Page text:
Bioenergy has not take over the energy market for the simple fact that it is not commercially viable. Making bioenergy commercially viable will take a couple of steps, some political and some scientific. By overriding these barriers it’s possible that the majority of energy produced could be from a renewable biological source.
The first barrier to bioenergy is the political aspect. There is much more energy efficient alternatives to corn for producing ethanol or biodiesel fuel. However, since the government is so heavily influenced by the corn producers, which produce much more corn than the market could need, inefficiency rains supreme.The full explanation can be found at http://www.nytimes.com/gwire/2011/07/14/14greenwire-miscanthus-switchgrass-show-promise-as-corn-re-35815.html If a more productive plant such as switchgrass or hemp was allowed to be grown than biofuel could easily sustain a large portion of the fuel market.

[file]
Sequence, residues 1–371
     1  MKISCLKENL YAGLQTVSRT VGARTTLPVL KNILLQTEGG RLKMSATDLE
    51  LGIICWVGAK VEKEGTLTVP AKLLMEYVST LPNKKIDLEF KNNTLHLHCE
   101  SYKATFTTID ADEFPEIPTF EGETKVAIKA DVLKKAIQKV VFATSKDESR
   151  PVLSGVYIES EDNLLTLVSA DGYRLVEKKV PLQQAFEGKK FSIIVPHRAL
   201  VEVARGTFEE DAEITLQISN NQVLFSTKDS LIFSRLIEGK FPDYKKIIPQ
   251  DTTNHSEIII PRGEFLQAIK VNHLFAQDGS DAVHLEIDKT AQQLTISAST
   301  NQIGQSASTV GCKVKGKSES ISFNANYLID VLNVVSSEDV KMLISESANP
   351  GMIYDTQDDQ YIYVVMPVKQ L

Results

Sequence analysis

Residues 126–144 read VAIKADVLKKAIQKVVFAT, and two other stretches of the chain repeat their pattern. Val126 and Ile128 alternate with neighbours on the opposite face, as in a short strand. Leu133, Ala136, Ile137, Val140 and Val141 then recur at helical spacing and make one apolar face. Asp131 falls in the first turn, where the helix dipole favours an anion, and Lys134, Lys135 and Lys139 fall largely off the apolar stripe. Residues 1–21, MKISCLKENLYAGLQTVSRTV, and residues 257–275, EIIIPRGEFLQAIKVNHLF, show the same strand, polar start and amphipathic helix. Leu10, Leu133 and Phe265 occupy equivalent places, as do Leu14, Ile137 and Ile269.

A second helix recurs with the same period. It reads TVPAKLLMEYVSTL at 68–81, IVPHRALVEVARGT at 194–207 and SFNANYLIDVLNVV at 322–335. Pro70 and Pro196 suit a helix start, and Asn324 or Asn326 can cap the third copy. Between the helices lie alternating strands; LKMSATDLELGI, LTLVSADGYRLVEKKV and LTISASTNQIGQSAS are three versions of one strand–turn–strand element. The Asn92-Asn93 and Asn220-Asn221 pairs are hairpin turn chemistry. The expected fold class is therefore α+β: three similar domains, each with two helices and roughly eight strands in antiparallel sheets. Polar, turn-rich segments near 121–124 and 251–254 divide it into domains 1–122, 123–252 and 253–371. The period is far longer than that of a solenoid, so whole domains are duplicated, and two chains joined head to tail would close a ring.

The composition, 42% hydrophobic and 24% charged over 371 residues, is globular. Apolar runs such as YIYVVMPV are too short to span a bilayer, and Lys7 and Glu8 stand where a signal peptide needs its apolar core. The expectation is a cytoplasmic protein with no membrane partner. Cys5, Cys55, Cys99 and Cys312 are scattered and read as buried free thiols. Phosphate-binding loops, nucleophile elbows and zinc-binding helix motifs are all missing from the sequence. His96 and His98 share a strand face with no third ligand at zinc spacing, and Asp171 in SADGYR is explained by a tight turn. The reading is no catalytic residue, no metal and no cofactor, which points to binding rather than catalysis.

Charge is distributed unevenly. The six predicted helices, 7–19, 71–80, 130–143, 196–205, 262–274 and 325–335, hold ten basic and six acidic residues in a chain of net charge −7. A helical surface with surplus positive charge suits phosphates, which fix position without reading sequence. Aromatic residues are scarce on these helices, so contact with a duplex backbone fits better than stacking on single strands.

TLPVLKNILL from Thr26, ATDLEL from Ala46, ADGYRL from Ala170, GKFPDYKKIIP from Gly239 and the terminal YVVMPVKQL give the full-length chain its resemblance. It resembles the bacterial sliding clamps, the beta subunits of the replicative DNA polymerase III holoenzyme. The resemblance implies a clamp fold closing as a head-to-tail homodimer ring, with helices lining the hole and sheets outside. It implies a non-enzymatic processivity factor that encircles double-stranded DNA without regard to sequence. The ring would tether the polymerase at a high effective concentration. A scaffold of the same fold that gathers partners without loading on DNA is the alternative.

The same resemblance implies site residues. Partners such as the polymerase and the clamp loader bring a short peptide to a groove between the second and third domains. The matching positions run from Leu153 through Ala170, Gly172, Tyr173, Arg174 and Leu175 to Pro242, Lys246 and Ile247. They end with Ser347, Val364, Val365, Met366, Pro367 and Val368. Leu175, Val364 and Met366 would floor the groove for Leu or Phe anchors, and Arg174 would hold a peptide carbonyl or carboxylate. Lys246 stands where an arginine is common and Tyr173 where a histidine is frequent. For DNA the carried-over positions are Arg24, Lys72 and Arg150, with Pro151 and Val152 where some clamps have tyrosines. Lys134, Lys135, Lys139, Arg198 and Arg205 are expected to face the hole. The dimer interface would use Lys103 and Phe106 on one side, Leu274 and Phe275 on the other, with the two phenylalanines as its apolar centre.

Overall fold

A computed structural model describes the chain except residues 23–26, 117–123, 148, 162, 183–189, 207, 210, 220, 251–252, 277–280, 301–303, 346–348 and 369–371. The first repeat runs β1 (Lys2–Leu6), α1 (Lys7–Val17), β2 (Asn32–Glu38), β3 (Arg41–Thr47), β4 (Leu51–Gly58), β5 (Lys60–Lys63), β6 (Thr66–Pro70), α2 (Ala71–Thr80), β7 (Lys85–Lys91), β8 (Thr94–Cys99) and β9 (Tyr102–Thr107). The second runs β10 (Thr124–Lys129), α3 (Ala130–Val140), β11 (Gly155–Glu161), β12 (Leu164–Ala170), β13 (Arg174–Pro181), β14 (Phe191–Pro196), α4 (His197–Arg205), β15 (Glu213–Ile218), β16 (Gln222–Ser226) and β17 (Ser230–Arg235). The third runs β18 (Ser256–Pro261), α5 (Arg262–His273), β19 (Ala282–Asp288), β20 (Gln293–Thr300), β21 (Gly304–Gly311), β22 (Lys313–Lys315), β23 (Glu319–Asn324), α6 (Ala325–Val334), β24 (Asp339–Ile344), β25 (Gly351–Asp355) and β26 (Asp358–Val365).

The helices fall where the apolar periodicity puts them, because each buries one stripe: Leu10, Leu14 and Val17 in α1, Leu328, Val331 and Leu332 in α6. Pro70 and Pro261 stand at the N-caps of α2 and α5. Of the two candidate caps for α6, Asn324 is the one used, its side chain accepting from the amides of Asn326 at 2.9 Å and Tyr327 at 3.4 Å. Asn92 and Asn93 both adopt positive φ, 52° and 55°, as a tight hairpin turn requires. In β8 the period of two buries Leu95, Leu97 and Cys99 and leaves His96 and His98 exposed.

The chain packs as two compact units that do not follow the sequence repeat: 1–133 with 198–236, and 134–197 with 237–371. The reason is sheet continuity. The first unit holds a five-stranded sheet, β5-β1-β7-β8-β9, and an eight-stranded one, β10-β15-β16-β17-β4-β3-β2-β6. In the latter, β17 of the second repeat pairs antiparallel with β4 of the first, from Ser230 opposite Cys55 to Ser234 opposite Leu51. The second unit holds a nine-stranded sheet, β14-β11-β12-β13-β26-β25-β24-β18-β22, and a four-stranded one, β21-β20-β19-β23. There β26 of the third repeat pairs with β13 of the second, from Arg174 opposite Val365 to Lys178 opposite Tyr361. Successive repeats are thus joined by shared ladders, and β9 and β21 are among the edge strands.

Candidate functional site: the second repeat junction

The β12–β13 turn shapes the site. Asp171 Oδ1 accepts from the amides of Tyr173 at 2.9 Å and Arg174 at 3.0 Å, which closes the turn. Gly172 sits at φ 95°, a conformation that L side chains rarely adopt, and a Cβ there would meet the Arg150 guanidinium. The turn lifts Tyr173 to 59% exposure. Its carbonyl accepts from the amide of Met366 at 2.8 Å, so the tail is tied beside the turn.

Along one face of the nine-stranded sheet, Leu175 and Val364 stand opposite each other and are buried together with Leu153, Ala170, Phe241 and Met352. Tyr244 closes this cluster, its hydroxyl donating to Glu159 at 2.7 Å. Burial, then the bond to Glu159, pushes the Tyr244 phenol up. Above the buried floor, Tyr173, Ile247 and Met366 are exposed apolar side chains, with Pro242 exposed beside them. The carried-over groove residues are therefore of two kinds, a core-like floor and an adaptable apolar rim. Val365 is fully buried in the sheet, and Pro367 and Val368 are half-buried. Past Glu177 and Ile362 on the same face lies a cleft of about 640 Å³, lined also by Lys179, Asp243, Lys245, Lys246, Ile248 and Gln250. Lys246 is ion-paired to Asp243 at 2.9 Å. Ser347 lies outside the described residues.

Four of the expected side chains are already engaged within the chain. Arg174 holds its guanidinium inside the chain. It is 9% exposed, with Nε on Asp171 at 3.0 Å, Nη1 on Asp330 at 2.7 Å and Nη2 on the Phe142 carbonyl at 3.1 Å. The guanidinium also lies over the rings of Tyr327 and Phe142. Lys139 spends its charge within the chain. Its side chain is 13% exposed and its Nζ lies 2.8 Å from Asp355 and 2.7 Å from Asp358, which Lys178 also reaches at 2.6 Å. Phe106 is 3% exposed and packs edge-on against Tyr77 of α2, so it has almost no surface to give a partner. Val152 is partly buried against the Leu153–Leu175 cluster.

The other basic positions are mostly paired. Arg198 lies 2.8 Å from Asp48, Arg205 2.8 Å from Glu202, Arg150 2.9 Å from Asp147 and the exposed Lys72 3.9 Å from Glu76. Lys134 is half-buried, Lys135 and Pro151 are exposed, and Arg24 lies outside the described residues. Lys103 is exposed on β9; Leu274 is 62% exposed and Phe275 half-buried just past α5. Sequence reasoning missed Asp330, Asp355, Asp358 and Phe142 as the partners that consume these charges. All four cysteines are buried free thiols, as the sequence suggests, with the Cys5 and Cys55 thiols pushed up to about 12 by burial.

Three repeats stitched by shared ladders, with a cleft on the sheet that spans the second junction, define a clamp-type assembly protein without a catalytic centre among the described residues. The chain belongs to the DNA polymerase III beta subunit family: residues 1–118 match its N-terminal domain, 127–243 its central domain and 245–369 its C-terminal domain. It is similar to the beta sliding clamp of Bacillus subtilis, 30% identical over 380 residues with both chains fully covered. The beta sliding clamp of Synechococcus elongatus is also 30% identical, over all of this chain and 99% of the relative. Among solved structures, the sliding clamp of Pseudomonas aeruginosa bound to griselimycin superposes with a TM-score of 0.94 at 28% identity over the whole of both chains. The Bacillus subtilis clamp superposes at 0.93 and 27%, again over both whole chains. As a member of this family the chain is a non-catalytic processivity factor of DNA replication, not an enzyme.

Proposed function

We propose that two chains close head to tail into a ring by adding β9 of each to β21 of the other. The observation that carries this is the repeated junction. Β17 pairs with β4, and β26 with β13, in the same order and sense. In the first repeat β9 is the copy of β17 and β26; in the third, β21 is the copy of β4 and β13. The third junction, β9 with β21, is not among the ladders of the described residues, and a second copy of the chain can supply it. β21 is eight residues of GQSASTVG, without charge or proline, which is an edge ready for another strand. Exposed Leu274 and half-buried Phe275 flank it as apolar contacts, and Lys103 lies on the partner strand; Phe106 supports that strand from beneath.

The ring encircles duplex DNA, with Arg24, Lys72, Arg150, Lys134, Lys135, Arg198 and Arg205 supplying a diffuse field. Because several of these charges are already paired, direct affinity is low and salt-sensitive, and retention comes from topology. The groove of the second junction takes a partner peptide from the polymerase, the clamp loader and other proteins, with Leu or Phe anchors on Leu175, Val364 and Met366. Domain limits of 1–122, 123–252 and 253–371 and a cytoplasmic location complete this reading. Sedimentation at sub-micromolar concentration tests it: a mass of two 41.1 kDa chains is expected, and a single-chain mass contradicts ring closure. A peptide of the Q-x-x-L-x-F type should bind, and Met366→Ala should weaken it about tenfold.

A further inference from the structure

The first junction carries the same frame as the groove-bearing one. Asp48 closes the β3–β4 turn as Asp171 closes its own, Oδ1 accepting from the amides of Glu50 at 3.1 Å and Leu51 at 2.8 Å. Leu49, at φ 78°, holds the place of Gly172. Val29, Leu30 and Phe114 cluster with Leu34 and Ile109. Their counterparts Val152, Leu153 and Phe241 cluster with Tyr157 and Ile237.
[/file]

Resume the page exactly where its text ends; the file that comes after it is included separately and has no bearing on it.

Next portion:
The second barrier to bioenergy is our current technology. If we could for example break down cellulose, the most abundant source of locked energy on our planet, then all of our energy needs could be satisfied. Scientific advances take time and more importantly research capital. The research capital will simply not be fully there until we run close to running low on our oil reserves.
Improving bioenergg’s commercial viability is going to take a lot of change.